Plaque for 'father of witchcraft' unveiled. In Secret Places Louise says:

“Gardner’s work in uncovering the various strands that make up the Craft and his publishing of various rites gained him followers. He formed a coven and started a form of  witchcraft  that became known as ‘Gardnerian’. Many of his ideas were triggered by other magical organisations, such as the Golden Dawn, which were flourishing at the time. The Hermetic Order of the Golden Dawn, founded in 1888, incorporated  Masonic, Celtic, Egyptian and Hermetic beliefs into a system of ritual magic. The Order attracted some of the luminaries of the day, including the Irish poet  W.B. Yeats, actress  Florence Farr and the infamous Aleister Crowley, who went on to found his own magical order.”
DORSET DORSET – The Hidden Chapel

In woods above Abbotsbury is a ruined chapel. This special place is on the cover of Louise's book.

Until the dissolution of Netley Abbey in 1538, monks and lay brethren would have farmed Ashley as a secluded outpost of the abbey. A small chapel, dedicated to St Luke, was built near the farm for the use of the community there ... With the dissolution of the abbey, the monks scattered, their abbey dismantled.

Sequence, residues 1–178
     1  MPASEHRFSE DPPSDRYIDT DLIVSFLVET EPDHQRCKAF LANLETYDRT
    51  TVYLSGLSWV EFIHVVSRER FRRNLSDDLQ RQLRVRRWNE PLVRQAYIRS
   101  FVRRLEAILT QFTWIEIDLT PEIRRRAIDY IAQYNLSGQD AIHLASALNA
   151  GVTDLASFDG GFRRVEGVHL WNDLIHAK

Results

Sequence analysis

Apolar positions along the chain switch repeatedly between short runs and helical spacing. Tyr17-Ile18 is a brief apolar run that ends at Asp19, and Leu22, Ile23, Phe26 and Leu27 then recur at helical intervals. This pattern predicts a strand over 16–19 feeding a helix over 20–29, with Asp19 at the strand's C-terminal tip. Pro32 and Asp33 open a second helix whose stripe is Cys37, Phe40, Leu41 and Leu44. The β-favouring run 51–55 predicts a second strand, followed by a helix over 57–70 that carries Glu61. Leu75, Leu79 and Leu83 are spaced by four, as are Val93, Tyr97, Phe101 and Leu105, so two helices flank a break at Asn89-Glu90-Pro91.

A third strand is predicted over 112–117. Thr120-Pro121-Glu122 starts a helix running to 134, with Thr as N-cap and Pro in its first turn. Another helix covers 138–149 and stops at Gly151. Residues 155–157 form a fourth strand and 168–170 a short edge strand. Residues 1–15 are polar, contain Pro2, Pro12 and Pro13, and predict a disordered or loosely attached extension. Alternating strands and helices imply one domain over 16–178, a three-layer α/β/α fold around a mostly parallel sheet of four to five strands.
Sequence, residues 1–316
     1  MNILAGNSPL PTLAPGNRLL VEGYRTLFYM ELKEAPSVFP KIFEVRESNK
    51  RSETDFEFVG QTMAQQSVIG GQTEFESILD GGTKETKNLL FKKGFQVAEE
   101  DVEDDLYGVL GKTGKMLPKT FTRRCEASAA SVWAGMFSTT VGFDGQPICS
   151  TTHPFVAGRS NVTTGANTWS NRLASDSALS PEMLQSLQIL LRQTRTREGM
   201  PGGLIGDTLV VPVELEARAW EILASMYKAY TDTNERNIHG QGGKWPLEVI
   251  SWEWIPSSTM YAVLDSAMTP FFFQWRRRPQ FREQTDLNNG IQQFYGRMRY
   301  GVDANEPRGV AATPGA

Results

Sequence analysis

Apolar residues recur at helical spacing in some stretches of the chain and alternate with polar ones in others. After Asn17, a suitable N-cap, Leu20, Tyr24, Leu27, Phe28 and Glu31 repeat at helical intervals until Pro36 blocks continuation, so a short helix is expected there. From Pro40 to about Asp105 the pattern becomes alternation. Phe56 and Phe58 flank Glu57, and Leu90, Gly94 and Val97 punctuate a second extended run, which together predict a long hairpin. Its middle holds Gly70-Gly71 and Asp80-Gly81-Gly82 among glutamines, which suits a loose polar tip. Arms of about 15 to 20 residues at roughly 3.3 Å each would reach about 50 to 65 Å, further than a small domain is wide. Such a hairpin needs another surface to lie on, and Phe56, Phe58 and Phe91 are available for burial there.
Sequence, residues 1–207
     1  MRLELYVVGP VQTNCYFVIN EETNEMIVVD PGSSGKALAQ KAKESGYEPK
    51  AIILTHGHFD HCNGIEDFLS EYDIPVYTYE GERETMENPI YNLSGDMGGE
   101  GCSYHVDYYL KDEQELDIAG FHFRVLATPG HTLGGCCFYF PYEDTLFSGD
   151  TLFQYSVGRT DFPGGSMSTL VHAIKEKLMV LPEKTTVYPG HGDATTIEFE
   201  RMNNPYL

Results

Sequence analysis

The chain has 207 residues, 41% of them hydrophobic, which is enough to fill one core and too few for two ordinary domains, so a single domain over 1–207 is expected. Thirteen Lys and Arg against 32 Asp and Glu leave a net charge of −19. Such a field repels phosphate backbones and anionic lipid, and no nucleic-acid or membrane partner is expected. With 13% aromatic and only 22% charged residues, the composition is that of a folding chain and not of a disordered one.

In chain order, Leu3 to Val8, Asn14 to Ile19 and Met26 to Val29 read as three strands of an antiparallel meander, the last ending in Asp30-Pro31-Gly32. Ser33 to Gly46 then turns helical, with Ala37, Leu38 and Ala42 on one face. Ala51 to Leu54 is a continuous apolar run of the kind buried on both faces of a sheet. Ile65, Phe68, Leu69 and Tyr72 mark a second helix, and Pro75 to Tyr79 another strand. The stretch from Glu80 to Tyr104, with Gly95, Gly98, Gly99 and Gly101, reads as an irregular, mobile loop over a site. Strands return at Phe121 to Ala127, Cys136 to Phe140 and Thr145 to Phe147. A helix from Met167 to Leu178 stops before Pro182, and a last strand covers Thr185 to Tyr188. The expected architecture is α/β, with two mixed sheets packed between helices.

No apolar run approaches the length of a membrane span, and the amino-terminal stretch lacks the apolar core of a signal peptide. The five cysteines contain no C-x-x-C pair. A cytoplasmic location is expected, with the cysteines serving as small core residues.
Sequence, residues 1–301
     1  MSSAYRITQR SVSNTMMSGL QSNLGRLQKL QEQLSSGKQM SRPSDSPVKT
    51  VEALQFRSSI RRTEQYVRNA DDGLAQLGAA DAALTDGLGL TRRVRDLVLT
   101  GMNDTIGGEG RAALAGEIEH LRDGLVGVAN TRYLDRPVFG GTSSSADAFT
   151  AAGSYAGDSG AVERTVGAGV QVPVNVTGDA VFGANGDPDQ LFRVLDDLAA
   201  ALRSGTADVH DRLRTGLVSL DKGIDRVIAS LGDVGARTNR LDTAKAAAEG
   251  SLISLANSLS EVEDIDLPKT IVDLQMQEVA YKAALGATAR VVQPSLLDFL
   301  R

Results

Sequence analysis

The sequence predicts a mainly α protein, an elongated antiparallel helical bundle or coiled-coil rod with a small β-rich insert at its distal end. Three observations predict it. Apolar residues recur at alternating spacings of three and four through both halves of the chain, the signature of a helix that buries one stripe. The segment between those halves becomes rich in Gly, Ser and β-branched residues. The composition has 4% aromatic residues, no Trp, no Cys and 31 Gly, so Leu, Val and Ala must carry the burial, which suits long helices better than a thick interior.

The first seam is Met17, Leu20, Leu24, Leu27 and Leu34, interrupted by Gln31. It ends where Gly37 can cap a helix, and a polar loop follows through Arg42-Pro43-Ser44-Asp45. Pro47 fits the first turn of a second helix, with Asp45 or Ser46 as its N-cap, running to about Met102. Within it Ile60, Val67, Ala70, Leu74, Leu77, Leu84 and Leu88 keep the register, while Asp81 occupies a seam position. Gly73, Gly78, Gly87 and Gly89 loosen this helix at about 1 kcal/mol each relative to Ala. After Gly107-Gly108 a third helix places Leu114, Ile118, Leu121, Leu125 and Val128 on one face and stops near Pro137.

The chapel would have seen occasional use over a hundred years or so, but as people died or left the area the building became increasingly less frequented. Abandoned, apart from the odd solitary pilgrim, the mediaeval chapel deteriorated as the years passed, becoming increasingly ruinous. The farm and land passed through various owners until 1925 when it was purchased by Sir David and Lady Milne-Watson. The couple built a large house near the farm that they named Ashley Chase. They also took an interest in the chapel. Woodland surrounded the small areas of wall and western gable, all that remained of the chapel, and even that was close to collapse. Efforts were made to shore up the gable and it still stands."
Dorset Folkore 5
The Chesil Beach mermaid

Isn't Dorset folklore great?
Carol Hunt, author of The Portland Sea Dragon and other books in The Portland Chronicles series, bases her stories on Portland’s history and legends, including Veasta, mermaids, black dogs and giants. For an interview with Carol about what inspires her to write see here.